On July 1, a New York speech therapy teacher filed a lawsuit in a Richmond County court alleging that his former supervisors harassed him and discriminated against him for being gay. According to the plaintiff, he was harassed for his sexual orientation in front of students and other teachers, and he was retaliated against when he filed a complaint.
The U.S. District Court for the Southern District of New York recently ruled that a woman who was denied a promotion to a management position was eligible to proceed with discrimination claims against her company. According to the judge, a woman who has given birth within four months of a perceived issue is still protected against pregnancy-related employment discrimination. He noted in his decision that women are clearly protected if they are pregnant or on maternity leave. If a woman was recently pregnant, details are not quite as clear in terms of how long after a pregnancy the protections remain in place. However, the judge noted that the pattern that has been observed in the U.S. Court of Appeals for the Second Circuit uses four months as the cutoff point.
Most people in Queens know that young people, especially college graduates, are having trouble finding jobs. There are numerous reports of people working for minimum wage or in positions that do not require a college degree. But that is not the only group affected by the slowly recovering economy. Older workers are also facing unemployment and they are having a difficult time finding new jobs. For some, it is a matter of age discrimination.
A new paper has recently been published in American Psychologist that argues that discrimination is less about hostile attitudes towards others, and more about helping people with whom we share commonalities. While this can simply be explained as showing slight favoritism to the people who went to the same school as us, go to the same religious institution or whose children attend the same school as our children, the authors also note that this often has racial implications, too.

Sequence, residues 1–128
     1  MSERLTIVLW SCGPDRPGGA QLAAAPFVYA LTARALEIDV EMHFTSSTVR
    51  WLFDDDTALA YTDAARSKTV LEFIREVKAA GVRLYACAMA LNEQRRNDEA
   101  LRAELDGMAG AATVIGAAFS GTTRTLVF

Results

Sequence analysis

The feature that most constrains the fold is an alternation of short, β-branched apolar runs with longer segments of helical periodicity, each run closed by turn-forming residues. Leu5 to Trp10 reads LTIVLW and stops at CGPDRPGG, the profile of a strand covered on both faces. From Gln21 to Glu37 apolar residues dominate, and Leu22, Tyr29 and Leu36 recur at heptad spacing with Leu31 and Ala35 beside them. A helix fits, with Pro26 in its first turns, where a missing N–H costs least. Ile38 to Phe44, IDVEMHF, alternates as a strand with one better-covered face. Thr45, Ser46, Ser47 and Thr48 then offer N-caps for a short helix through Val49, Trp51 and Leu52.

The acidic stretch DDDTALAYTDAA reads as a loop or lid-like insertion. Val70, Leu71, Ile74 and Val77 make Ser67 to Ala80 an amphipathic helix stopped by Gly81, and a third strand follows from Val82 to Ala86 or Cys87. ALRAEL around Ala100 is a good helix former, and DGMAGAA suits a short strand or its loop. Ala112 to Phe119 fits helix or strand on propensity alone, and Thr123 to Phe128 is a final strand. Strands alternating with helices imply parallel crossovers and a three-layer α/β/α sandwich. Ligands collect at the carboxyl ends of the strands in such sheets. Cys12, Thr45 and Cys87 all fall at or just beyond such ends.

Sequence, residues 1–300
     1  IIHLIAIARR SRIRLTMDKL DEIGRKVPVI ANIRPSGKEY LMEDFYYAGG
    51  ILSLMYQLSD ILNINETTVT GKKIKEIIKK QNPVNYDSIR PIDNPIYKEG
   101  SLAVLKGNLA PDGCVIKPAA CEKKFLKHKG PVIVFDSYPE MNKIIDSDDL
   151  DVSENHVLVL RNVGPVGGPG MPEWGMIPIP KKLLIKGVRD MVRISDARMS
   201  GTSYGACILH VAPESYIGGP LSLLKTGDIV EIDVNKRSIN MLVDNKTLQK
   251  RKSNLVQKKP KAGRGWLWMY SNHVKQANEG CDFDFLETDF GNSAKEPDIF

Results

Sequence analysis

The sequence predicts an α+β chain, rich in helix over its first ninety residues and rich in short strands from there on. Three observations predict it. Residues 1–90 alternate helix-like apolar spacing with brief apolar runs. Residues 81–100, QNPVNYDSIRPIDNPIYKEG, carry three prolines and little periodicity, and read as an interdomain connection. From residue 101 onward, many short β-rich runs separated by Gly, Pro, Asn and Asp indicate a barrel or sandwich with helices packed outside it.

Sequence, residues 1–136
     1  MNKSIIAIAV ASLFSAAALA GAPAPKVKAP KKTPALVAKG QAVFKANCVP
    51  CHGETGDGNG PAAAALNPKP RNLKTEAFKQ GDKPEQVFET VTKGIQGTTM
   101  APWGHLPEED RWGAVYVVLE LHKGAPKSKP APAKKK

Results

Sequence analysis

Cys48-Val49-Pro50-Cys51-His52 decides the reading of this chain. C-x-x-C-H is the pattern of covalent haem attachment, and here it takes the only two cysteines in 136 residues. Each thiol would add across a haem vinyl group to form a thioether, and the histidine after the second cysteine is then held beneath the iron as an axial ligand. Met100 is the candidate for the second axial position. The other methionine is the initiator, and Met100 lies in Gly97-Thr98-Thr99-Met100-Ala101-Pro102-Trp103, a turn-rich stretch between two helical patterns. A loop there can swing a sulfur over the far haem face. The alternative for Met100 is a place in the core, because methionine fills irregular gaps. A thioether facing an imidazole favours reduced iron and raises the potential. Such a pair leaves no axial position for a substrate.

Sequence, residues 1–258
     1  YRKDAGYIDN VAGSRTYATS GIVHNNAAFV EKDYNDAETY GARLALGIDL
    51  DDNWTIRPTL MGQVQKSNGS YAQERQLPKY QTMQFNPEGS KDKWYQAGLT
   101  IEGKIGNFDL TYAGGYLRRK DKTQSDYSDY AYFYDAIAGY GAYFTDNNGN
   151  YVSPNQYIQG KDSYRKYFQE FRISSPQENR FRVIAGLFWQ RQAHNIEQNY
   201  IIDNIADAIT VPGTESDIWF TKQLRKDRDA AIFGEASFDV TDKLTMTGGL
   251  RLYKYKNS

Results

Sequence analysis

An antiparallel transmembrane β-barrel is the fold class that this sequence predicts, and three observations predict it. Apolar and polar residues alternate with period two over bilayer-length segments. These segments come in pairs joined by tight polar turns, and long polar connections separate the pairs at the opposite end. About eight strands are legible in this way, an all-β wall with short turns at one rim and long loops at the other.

Though many of the stories that we have covered are about workplace discrimination, many people don't think about discriminating against people over 40 years old. Age discrimination is, unfortunately, just another example of employers violating their employees' rights. Any worker, younger than or 40 and older should be judged on their ability to do a job, not on whether they are close to retirement, whether they will accept less pay for the same work, or even if they are more or less likely to incur health care coverage. Sadly, that is not always the case.
Though federal and New York law only have a limited number of categories in which to protect employees from workplace discrimination, there are other laws that require employers to look beyond single characteristics when making hiring decisions. Take, for example, a recent statement by the chief of the Civil Rights Bureau for the New York Attorney General's office: "You CANNOT automatically disqualify individuals solely because they have a criminal background." While someone can be denied a job based on his or her criminal background, it cannot be the only reason why they are denied a position.
Earlier in the week, we mentioned the allegations of gender-based discrimination at the Consumer Financial Protection Bureau. A lawyer has testified before the House Financial Services Subcommittee regarding the retaliation her supervisor took following her complaint of gender discrimination, but that is not the only kind of workplace discrimination that is allegedly plaguing the bureau.
Most working adults in Long Island have made it through high school and, even if they don't remember all of the math that they've learned, they should be able to remember certain basic concepts. Some jobs require a very specialized knowledge of math and some just require the ability to add, subtract, multiply and divide. Regardless of the job, it seems that managers are more likely to hire men than women to perform mathematical tasks.